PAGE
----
Photo Credit: FutureChurch_Think_Tank_Advance2010_10 by George Fox Evangelical Seminary

Thoughts on Reading

pile of booksYesterday I mentioned that I’m trying to read more books this year. Right before New Years, I read a blog post asking “If you only read one book a year for the rest of your life, how many books will that leave you?” This was a huge kick in the pants for me because I used to read quite a bit and I have dramatically slowed down how much I’ve been reading over the last couple of years. Last year I read two books.  Not exactly thrilling, especially when there are so many books I want to read.

 
So I started the year with a list of twelve books I’d like to read before the year is over.  That list has grown now to 17.  I’m a little freaked out by the goal, but at least if I shoot high, I’ll hit something.  Anything is better than two books.

So, with no further ado, here is the list of books I’m attempting to read for this year:

What Jesus Started
T4T: A Discipleship Re-Revolution
BiVo: A Manifesto
The Permanent Revolution
Church 3.0
The Failure of Nerve
Three Roads to the Alamo
Jesus: A Theography
The Interior Castle
Apostolic Foundations
The Impossible Mentor
Orthodoxy by GK Chesterton
Getting Things Done

The Starfish Vision
The Starfish and the Spider
Church Transfusion
Life Together

One thing I don’t want to do, however, is get too focused on reading to the exclusion of everything else in my life.  I’ve certainly read more church planting books than I’ve planted churches and it’s always better to follow Jesus than read about somebody else following Jesus.  I’m always (and especially in this endevour want to be) conscious of John Wesley’s warning about books: “Beware you be not swallowed up in books! An ounce of love is worth a pound of knowledge.” So keep me accountable and keep me from adding too many other books to this list!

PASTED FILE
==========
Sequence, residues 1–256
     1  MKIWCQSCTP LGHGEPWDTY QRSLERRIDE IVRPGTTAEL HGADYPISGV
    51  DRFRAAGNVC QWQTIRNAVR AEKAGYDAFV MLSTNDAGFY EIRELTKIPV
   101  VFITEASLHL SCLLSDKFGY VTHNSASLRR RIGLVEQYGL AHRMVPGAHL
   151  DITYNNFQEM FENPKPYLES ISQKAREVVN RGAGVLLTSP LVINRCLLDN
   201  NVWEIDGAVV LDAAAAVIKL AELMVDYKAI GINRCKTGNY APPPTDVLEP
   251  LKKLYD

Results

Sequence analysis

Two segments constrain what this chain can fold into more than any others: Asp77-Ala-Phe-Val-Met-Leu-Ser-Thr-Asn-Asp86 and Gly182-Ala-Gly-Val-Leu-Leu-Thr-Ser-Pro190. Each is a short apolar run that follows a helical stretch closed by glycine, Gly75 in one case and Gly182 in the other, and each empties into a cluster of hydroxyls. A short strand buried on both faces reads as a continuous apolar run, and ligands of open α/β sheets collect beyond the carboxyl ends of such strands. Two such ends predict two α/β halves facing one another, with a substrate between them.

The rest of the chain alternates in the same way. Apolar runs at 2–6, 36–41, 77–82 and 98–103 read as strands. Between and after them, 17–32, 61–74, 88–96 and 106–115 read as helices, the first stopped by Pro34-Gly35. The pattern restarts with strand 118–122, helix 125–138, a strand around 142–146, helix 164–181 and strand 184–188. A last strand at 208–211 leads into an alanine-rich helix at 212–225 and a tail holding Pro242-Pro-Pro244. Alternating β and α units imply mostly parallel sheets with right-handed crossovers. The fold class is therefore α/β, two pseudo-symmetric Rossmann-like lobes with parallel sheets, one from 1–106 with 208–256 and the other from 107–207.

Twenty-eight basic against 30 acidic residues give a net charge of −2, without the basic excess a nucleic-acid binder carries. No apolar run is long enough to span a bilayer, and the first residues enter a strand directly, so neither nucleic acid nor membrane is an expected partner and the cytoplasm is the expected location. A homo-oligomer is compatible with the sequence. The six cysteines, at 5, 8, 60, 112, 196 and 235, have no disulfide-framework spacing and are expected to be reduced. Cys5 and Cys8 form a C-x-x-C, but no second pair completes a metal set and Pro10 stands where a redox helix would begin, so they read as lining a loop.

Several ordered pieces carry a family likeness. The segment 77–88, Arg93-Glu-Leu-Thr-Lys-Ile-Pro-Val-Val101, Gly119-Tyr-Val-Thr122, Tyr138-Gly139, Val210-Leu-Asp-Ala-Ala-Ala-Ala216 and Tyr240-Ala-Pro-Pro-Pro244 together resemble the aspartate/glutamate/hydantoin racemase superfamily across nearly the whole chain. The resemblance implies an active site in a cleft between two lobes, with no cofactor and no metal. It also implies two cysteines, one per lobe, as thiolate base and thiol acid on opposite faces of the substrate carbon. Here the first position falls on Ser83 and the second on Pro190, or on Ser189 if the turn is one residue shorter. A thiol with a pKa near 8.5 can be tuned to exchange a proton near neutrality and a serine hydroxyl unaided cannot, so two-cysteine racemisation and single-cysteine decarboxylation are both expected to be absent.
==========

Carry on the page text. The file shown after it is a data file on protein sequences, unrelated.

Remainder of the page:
That said, have you read any of the books on this list? What did you think? And what are you trying to knock off your reading list?

Photo Credit: Pile of Books by Aaron Suggs

Review: Viral Jesus by Ross Rohde

This is my personal review of “Viral Jesus” by Ross Rohde.  You can also find this review posted online at Amazon.com and Barnes and Noble.  In the interest of full disclosure, Ross was kind enough to provide me with a free copy in exchange for an honest review of the book.

Christianity was designed to spread like a virus, moving from person to person, contact point to contact point, quickly changing people and making them an agent of change.  That all came to an end after a sustained period of growth several hundred years after Jesus’ resurrection. The church slowly abandoned it’s commitment to the “epidemic principles” they were founded on and adopted a different method of living.  This is the premise of Ross Rhode’s new book, Viral Jesus.  According to Rhode, though, these “epidemic principles” can be recaptured and a viral Christianity can again become the norm.